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Ford Transit Connect?

rhysydrhysyd Posts: 141
edited August 2014 in MTB general
Thinking of buying a 2nd hand small Ford Transit Connect van (small wheel base) I have searched the internet for dimensions but just a bit confused on the sizing in the back.

As anybody got small wheel based ford transit connect, does a usual mountain bike fit in the back?

Cheers guys

Posts

  • We have them at work, a bike will fit sideways if you turn the front wheel 90 degrees so they're bound to fit longways.

    If you want exact dimensions let me know.
  • welshkevwelshkev Posts: 9,690
    I used to have one. As above, a bike will fit in, but not straight in, only at an angle. Also, mine was pretty bad on fuel. Only doing about 32 mpg
  • The RookieThe Rookie Posts: 27,748
    Be aware that if it's a van (not a dual purpose vehicle with 2 rows of seats or the Tourneo) it is limited to van speed limits.

    (50 on a single carriageway, 60 on a dual and then 70 on a motorway).
  • Chunkers1980Chunkers1980 Posts: 8,035
    Eh?

    Also double toll on the M4 to Wales if that makes a difference to you.
  • welshkevwelshkev Posts: 9,690
    Eh?

    Also double toll on the M4 to Wales if that makes a difference to you.

    if the "eh?" was for the speed limit thing, then yeah, as I found out getting 3 points for doing 70mph on a dual carriageway :evil:
  • Chunkers1980Chunkers1980 Posts: 8,035
    yeah - wow - didn't know that.

    Looks like I've been lucky all these years.
  • cooldadcooldad Posts: 32,601
    Aren't those the speed limits for anything?
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  • welshkevwelshkev Posts: 9,690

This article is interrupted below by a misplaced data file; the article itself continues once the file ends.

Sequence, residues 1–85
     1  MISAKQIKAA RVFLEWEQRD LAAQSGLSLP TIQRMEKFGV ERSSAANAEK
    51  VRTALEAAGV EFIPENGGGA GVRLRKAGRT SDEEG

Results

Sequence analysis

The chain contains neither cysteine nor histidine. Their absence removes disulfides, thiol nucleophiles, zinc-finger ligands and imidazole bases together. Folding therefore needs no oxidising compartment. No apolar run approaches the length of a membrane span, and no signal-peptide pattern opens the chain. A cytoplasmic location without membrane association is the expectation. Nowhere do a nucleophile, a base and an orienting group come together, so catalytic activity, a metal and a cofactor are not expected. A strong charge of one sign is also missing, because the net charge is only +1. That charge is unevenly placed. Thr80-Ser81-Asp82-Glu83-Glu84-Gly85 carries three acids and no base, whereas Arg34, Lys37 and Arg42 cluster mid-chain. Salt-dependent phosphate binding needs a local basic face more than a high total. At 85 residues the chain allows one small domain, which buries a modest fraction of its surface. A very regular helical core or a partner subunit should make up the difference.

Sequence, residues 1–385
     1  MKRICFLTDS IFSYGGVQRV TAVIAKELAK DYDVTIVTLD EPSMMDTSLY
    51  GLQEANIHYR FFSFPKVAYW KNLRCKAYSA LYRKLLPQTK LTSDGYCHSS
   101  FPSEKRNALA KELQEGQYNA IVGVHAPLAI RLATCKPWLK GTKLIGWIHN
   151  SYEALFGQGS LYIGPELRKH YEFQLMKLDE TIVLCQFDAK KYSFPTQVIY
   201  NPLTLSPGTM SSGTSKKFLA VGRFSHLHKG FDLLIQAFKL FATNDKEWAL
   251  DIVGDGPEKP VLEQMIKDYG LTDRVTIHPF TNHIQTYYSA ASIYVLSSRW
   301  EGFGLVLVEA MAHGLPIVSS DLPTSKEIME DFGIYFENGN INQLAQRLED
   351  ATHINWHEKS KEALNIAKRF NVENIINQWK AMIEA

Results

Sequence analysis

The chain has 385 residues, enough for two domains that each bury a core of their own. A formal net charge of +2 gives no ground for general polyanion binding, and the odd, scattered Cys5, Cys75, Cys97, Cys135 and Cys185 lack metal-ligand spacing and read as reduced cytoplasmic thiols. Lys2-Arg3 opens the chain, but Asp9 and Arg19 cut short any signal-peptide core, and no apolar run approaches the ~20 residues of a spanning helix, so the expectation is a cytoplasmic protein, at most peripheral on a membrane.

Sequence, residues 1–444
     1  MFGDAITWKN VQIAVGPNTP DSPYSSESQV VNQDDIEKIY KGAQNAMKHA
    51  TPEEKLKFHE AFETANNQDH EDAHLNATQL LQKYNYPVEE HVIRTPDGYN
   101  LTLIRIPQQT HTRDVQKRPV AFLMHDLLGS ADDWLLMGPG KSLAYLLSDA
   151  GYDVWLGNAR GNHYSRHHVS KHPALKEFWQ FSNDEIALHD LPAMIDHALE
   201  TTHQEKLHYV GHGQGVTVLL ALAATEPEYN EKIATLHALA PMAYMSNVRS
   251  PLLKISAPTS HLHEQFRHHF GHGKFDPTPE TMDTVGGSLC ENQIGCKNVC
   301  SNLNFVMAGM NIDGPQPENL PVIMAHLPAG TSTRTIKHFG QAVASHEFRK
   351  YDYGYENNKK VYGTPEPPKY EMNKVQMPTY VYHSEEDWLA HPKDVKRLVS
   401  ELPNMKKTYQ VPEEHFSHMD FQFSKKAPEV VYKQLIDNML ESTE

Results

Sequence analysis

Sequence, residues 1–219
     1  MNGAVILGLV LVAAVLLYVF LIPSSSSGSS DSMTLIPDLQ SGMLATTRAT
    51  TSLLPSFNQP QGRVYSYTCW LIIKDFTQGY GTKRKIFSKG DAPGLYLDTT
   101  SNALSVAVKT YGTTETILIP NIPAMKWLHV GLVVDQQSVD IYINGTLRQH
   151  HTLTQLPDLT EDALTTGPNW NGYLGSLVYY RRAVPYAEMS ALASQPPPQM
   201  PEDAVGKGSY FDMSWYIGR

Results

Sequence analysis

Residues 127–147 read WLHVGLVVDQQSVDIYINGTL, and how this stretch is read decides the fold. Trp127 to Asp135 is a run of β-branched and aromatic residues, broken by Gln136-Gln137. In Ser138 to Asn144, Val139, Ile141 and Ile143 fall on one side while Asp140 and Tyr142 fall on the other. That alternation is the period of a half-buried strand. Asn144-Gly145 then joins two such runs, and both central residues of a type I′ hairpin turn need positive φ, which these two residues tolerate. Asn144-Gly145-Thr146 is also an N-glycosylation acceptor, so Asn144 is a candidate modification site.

cooldad wrote:
    Aren't those the speed limits for anything?

    no, 60, 70, 70. for cars - but I think there is some exceptions.
  • Chunkers1980Chunkers1980 Posts: 8,035
    Cars. Duel carriage way has not just got to be duel but if it has a National Speed limit sign then for it to be 70mph (rather than 60) is must have a central reservation (only thing not sure on is what exactly counts a central reservation)
  • Unless it's not a van...

    Stick a sleeping bag in the back and a kip mat and claim it's a campervan then the speed limit restriction doesn't apply.
  • Chunkers1980Chunkers1980 Posts: 8,035
    For info: That doesn't work on the toll it must have a fixed sink and cooker and they have been known to get out of their booth and look!
  • cooldadcooldad Posts: 32,601
    welshkev wrote:
    cooldad wrote:
    Aren't those the speed limits for anything?

    no, 60, 70, 70. for cars - but I think there is some exceptions.
    I do struggle with speed limits here - just seem to be loads of different size random signs.

    Did my licence in the colonies where life is simpler.
    I don't do smileys.

    There is no secret ingredient - Kung Fu Panda

    London Calling on Facebook

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  • CitizenLeeCitizenLee Posts: 2,227
    cooldad wrote:
    welshkev wrote:
    cooldad wrote:
    Aren't those the speed limits for anything?

    no, 60, 70, 70. for cars - but I think there is some exceptions.